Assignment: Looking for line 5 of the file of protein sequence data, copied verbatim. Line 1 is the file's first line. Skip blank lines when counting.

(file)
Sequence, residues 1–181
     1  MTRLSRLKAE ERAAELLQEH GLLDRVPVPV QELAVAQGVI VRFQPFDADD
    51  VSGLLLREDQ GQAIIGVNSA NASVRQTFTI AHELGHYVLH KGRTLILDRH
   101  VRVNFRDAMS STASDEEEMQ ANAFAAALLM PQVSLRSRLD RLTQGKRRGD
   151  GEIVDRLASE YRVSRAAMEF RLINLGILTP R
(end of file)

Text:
   151  GEIVDRLASE YRVSRAAMEF RLINLGILTP R